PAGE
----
Silver nanoparticles were synthesized through an environment friendly method. The ethanol extract of algae acted as a reducing agent and capping. Till prevent its aggregation. These AgNPs were characterized by XRD its size was range in 33 nm to 81 nm and crystalline nature was cubic. In addition to the may possible groups for reduction detected by FT-IR. The anti-microbial activity carried against gram positive Staphylococcus aureus and Bacillus subtillis, gram negative Salmonella sp. and Escherichia coli and yeast strain Candida albicans. Which give positive results against all. Results also revealed that, the AgNPs synthesized here are a wide distribution anti-microbial agent. So it could use on various medicinal applications as a sterilizing agent, on coating medicinal devices and on dental material.


Select your language of interest to view the total content in your interested language
Post your comment

Share This Article

Recommended Conferences

  • 2nd World Congress on Nano Science and Nano Technology
    August 10-11, 2018 Osaka, Japan
  • 25th Nano Congress for Future Advancements
    August 16-18, 2018 Dublin, Ireland
  • 20th Asia Pacific Nanotechnology Congress
    July 23-24, 2018 Sydney, Australia
  • 26th International Conference on Advanced Nanotechnology
    October 04-05 2018 Moscow, Russia
  • Nanotechnology & Materials Engineering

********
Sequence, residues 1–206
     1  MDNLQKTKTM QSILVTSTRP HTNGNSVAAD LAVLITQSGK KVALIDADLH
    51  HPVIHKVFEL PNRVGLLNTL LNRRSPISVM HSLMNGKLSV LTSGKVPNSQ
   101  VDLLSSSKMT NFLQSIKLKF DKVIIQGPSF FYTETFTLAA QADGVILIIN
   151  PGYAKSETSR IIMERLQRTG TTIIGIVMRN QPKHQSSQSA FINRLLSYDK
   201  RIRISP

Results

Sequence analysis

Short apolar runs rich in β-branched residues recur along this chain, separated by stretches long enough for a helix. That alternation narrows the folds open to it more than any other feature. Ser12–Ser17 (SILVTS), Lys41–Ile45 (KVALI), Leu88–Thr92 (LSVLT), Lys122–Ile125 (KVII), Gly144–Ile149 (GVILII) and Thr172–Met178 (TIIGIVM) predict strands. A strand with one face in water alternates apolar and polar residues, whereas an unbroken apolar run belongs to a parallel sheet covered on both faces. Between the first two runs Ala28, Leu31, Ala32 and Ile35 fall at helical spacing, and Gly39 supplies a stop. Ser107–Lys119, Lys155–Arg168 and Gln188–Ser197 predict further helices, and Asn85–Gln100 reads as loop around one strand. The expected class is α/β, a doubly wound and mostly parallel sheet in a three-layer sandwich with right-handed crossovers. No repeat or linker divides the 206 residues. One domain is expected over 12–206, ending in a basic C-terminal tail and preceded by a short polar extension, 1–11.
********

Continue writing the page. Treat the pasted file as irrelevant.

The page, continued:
Oct 25-26, 2018 Budapest, Hungary

Article Usage

  • Total views: 1912
  • [From(publication date):
    December-2016 - Jul 16, 2018]
  • Breakdown by view type
  • HTML page views : 1624
  • PDF downloads : 288

Post your comment

captcha   Reload  Can't read the image? click here to refresh

Peer Reviewed Journals
Make the best use of Scientific Research and information from our 700 + peer reviewed, Open Access Journals
International Conferences 2018-19
Meet Inspiring Speakers and Experts at our 3000+ Global Annual Meetings

Contact Us

Agri & Aquaculture Journals

Dr. Krish

[email protected]

+1-702-714-7001Extn: 9040

Biochemistry Journals

Datta A

[email protected]

1-702-714-7001Extn: 9037

Business & Management Journals


[email protected]

1-702-714-7001Extn: 9042

Chemistry Journals

Gabriel Shaw

[email protected]

1-702-714-7001Extn: 9040

Clinical Journals

Datta A

[email protected]

1-702-714-7001Extn: 9037

Engineering Journals

James Franklin

[email protected]

1-702-714-7001Extn: 9042

Food & Nutrition Journals

Katie Wilson

[email protected]

1-702-714-7001Extn: 9042

General Science

Andrea Jason

[email protected]

1-702-714-7001Extn: 9043

Genetics & Molecular Biology Journals

Anna Melissa

[email protected]

1-702-714-7001Extn: 9006

Immunology & Microbiology Journals

David Gorantl

[email protected]

1-702-714-7001Extn: 9014

Materials Science Journals

Rachle Green

[email protected]

1-702-714-7001Extn: 9039

Nursing & Health Care Journals

Stephanie Skinner

[email protected]

1-702-714-7001Extn: 9039

Medical Journals

Nimmi Anna

[email protected]

1-702-714-7001Extn: 9038

Neuroscience & Psychology Journals

Nathan T

[email protected]

1-702-714-7001Extn: 9041

Pharmaceutical Sciences Journals

Ann Jose

[email protected]

1-702-714-7001Extn: 9007

Social & Political Science Journals

Steve Harry

[email protected]

1-702-714-7001Extn: 9042

© 2008- 2018 OMICS International - Open Access Publisher. Best viewed in Mozilla Firefox | Google Chrome | Above IE 7.0 version
Leave Your Message 24x7